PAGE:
From 30 April 2012, auditors employed by Scottish Court Service will be barred from undertaking private work

A delegation from the Society met with civil servants in the Justice Directorate on 20 May to discuss aspects of the work currently done by sheriff court auditors.

The Society was advised that from 30 April 2012, those sheriff court auditors who are employed by Scottish Court Service will be barred from undertaking private work, either in relation to assessing fees at the request of solicitors or extrajudicial taxations on a joint remit from solicitor and client. Auditors who are not employed by Scottish Court Service, including those in Edinburgh and Glasgow, will continue to be able to offer such services.

All sheriff court auditors will continue to tax judicial accounts.

Firms whose terms of engagement state that fees will be assessed by the auditor of court should review those now, particularly in relation to executry work. Files could be sent to external law accountants for feeing.

In regard to extrajudicial taxation of fee notes which have been challenged by the client, or where there is a joint remit, it was made clear that this will not be done through Scottish Court Service, but it was suggested that it be done by the Society through its Regulatory Committee which, in terms of s 133 of the Legal Services (Scotland) Act 2010, is responsible from 1 June 2011 for all the regulatory functions of the Society. The committee has 50% solicitor and 50% lay membership and is chaired by someone who is not a solicitor. It will be able to set up subcommittees, which will also require to be 50/50 solicitor/non-solicitor in membership. These could include a subcommittee responsible for supervising taxation of accounts.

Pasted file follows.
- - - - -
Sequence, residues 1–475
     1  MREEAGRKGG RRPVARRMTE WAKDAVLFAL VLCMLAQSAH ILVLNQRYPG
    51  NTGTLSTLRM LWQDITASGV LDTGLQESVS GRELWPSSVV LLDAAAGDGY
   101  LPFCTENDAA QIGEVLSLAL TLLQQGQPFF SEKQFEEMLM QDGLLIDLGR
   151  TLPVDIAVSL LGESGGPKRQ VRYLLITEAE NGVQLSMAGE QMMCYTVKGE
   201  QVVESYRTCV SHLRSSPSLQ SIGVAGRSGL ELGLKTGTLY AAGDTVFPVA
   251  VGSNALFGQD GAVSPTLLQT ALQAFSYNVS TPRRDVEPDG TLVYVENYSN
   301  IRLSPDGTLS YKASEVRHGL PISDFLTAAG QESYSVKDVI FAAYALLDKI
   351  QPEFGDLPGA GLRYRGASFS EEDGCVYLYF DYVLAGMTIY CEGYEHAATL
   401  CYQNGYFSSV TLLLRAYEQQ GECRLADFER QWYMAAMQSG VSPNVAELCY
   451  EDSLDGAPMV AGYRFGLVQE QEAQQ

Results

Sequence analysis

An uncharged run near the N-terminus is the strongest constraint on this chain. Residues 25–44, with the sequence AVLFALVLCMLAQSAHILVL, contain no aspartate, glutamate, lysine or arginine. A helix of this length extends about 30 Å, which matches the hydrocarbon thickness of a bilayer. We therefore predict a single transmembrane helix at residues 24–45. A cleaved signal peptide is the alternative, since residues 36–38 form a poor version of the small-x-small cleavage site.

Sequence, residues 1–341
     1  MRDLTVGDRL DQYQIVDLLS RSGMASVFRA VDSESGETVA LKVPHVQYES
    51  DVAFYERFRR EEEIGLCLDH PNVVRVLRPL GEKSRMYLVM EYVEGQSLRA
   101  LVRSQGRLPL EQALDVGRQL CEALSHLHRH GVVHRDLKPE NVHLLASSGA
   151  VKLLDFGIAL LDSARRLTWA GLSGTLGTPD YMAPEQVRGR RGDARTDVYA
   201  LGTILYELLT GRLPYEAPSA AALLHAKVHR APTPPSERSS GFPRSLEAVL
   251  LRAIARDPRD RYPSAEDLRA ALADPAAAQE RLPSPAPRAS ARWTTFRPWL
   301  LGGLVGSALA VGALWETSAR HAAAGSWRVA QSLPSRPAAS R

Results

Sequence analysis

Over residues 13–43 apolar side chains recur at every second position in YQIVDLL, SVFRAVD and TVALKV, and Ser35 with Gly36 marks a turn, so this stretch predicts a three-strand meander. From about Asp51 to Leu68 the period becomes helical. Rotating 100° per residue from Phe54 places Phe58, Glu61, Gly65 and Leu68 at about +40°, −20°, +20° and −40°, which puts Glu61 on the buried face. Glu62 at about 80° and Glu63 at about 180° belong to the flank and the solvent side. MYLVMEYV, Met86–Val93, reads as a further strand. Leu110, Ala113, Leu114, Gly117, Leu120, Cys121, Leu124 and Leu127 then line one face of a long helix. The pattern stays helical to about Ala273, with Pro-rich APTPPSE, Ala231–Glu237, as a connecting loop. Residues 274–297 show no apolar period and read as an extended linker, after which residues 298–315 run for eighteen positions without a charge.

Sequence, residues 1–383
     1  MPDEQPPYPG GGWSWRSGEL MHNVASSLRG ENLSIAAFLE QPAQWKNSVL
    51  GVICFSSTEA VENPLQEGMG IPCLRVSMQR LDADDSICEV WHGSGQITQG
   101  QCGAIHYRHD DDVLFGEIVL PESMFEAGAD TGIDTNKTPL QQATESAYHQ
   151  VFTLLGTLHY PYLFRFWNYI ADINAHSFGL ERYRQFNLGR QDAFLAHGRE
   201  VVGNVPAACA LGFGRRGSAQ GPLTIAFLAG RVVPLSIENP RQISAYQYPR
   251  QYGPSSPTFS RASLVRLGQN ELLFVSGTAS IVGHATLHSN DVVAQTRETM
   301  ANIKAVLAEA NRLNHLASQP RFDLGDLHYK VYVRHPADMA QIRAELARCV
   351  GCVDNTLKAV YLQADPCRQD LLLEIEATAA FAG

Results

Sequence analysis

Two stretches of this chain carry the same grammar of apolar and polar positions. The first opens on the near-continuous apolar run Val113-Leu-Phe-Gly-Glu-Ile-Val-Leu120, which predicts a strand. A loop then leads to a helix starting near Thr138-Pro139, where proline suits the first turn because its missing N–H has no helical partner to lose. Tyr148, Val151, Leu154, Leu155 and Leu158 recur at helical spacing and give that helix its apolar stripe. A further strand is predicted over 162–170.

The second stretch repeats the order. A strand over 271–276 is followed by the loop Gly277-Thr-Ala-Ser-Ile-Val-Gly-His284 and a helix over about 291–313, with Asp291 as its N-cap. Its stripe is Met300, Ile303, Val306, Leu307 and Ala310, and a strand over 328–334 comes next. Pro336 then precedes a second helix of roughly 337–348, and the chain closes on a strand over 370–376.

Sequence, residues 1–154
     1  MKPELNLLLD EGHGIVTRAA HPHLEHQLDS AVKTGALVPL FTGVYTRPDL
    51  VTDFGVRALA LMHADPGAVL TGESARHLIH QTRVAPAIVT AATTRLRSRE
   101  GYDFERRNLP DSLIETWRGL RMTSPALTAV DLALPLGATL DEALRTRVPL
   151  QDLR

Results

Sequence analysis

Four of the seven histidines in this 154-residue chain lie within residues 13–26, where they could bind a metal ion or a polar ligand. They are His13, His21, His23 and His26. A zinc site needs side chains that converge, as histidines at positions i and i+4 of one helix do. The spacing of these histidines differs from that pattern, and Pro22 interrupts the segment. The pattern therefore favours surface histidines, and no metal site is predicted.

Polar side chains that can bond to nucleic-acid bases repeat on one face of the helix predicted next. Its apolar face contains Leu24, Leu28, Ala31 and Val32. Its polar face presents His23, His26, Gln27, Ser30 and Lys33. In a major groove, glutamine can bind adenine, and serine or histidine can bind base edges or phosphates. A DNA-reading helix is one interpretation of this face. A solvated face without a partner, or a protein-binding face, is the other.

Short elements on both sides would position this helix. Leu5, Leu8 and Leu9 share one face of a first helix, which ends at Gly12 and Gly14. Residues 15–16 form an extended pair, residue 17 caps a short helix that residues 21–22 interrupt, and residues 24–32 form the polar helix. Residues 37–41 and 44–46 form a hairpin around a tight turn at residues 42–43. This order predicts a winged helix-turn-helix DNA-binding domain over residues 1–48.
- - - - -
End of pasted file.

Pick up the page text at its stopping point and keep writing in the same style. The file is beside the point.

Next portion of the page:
This will require to be discussed more fully, and the policy would have to be agreed by Council as well as the Regulatory Committee. However it should be possible to draw up a list of persons (including law accountants and the auditors of Edinburgh and Glasgow Sheriff Courts) who will be available to tax accounts on written representations. Their fees for doing so would be paid by the solicitor or client depending on the outcome of the taxation, just as at present. The Society’s guidance on terms of business letters could be extended to include a reference to such an arrangement. The people carrying out the taxation would need to be conflicted from taxing an account of a firm from whom they receive private feepaying work.

The Government is looking for a solution to be in place by April 2012.

Share this article
Add To Favorites